StubHub is changing hands. eBay announced on Monday it has agreed to sell the secondary ticketing giant to Geneva-based resale marketplace Viagogo for a price tag of $4.05 billion in cash. Combining the two companies, if approved by regulators, would boost their overall reach to over 70 countries.
San Francisco-based StubHub was co-founded by Viagogo founder and CEO Eric Baker, who left the former before it was sold to eBay for $310 million in 2007. “It has long been my wish to unite the two companies,” he said. “I am so proud of how StubHub has grown over the years and excited about the possibilities for our shared future.”
The sale is expected to close by the end of the first quarter of 2020, subject to regulatory approval and closing conditions. Goldman Sachs & Co. LLC is acting as financial advisor to eBay. Wachtell, Lipton, Rosen & Katz and Quinn Emanuel are acting as legal advisors to eBay.
eBay’s interim CEO Scott Schenkel said the company believes the transaction will maximize the “long-term value for eBay shareholders.” He added that eBay’s leadership and board of directors spent months reviewing their portfolio, “and we concluded that this was the best path forward for both eBay and StubHub. We firmly believe in the StubHub business and we are excited about its future growth potential with Viagogo as its owner.”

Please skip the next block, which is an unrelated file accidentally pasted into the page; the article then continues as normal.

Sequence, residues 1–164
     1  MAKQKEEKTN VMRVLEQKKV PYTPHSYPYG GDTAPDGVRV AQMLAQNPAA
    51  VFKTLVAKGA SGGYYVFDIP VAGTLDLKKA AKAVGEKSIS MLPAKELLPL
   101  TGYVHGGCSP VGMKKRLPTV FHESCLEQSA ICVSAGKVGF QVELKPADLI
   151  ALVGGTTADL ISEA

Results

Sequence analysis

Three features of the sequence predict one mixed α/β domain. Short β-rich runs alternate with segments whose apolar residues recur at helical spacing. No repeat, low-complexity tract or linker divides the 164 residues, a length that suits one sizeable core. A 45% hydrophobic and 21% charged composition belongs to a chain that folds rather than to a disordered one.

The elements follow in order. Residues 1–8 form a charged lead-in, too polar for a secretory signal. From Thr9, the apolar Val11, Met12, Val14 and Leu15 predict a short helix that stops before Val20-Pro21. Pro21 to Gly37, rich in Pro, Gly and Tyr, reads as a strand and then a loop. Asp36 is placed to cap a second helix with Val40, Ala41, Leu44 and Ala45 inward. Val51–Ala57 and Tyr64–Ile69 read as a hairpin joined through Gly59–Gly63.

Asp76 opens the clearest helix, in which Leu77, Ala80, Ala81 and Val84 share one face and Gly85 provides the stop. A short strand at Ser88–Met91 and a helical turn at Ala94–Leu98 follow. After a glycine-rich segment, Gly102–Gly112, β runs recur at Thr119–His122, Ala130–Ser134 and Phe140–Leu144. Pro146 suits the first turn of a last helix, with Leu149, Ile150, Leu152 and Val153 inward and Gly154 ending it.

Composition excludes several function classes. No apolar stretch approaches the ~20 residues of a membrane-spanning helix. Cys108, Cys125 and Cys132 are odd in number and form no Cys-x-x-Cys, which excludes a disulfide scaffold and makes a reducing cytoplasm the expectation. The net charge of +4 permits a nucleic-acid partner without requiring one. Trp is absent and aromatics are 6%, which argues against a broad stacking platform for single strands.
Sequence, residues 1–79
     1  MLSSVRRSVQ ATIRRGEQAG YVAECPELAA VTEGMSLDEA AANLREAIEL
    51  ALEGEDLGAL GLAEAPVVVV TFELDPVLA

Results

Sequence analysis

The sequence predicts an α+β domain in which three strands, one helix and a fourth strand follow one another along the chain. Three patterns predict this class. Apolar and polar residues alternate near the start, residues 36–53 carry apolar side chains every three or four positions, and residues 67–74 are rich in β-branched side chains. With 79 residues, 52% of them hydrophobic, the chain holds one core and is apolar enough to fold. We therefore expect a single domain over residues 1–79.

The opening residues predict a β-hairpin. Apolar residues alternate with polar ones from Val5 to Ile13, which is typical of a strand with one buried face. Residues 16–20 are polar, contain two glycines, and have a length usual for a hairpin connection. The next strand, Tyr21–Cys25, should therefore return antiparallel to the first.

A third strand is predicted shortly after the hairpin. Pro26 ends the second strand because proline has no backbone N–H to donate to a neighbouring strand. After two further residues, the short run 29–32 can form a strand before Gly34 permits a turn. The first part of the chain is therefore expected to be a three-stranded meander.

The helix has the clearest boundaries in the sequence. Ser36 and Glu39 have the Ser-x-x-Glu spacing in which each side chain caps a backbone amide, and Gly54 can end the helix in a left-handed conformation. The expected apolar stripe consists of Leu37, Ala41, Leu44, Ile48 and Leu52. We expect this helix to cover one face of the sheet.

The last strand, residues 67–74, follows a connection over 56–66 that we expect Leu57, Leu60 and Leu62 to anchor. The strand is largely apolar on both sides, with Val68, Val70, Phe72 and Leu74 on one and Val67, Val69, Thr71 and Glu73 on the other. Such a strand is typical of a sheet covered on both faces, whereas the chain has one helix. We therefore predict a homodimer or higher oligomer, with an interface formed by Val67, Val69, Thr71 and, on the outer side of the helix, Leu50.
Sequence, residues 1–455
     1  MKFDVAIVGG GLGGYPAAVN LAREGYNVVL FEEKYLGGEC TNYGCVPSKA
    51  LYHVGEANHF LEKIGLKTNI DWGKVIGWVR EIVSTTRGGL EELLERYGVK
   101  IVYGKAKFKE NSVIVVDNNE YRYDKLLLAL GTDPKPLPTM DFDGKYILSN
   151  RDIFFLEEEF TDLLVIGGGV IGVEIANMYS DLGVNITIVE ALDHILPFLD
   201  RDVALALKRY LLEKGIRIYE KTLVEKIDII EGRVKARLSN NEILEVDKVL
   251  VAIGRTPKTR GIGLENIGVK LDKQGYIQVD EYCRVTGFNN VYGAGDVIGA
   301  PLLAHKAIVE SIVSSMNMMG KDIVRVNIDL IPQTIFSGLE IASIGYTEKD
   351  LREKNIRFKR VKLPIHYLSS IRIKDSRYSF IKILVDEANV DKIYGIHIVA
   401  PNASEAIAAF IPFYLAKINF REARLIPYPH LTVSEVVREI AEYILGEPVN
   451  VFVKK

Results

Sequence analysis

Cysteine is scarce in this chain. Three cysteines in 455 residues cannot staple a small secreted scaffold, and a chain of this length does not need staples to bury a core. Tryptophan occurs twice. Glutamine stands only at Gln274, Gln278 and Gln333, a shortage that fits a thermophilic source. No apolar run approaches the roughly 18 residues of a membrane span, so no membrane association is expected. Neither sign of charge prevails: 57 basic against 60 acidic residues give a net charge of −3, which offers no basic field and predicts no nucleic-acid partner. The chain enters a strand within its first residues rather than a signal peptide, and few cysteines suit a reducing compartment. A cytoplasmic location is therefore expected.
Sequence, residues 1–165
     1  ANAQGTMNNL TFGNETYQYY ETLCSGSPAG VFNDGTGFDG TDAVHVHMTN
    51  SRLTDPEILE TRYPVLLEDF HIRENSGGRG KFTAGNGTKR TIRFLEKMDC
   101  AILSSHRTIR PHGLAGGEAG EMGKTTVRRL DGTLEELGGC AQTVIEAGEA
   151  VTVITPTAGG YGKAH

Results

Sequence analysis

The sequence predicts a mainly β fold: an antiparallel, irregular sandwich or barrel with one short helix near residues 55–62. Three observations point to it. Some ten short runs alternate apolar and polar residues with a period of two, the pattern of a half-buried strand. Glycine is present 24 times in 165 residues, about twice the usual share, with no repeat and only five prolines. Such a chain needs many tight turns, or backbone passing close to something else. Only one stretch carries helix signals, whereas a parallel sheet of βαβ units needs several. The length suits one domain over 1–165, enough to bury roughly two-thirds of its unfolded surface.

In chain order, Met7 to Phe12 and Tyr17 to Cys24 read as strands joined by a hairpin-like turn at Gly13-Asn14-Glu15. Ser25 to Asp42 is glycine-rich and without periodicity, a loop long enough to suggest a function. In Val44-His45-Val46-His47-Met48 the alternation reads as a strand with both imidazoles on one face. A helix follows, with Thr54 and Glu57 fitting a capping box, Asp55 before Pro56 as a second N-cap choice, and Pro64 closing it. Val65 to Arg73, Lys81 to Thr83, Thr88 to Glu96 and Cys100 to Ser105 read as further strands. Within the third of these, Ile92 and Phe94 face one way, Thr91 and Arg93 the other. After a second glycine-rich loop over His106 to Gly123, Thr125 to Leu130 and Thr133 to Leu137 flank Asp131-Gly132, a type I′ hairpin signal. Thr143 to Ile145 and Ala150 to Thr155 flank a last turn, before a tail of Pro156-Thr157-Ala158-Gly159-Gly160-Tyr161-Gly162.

Sukhinder Singh Cassidy, president of StubHub, added: “This provides a great opportunity to expand our business, pursue new partnerships and execute our strategy. We expect a seamless transition for all our employees, partners and customers, and we are excited for what the future holds.”
The proposed sale will likely raise concerns among watchdog groups, and in certain markets where Viagogo has courted controversy. Earlier this year, Google reportedly suspended the ticketing site from placing paid ads in results, and in April Australia’s federal court found the company breached consumer law by making false or misleading claims when selling tickets. Late last year, the U.K. government’s consumer watchdog agency took the reseller to court over concerns that Viagogo was breaking consumer protection law.
This is a developing story…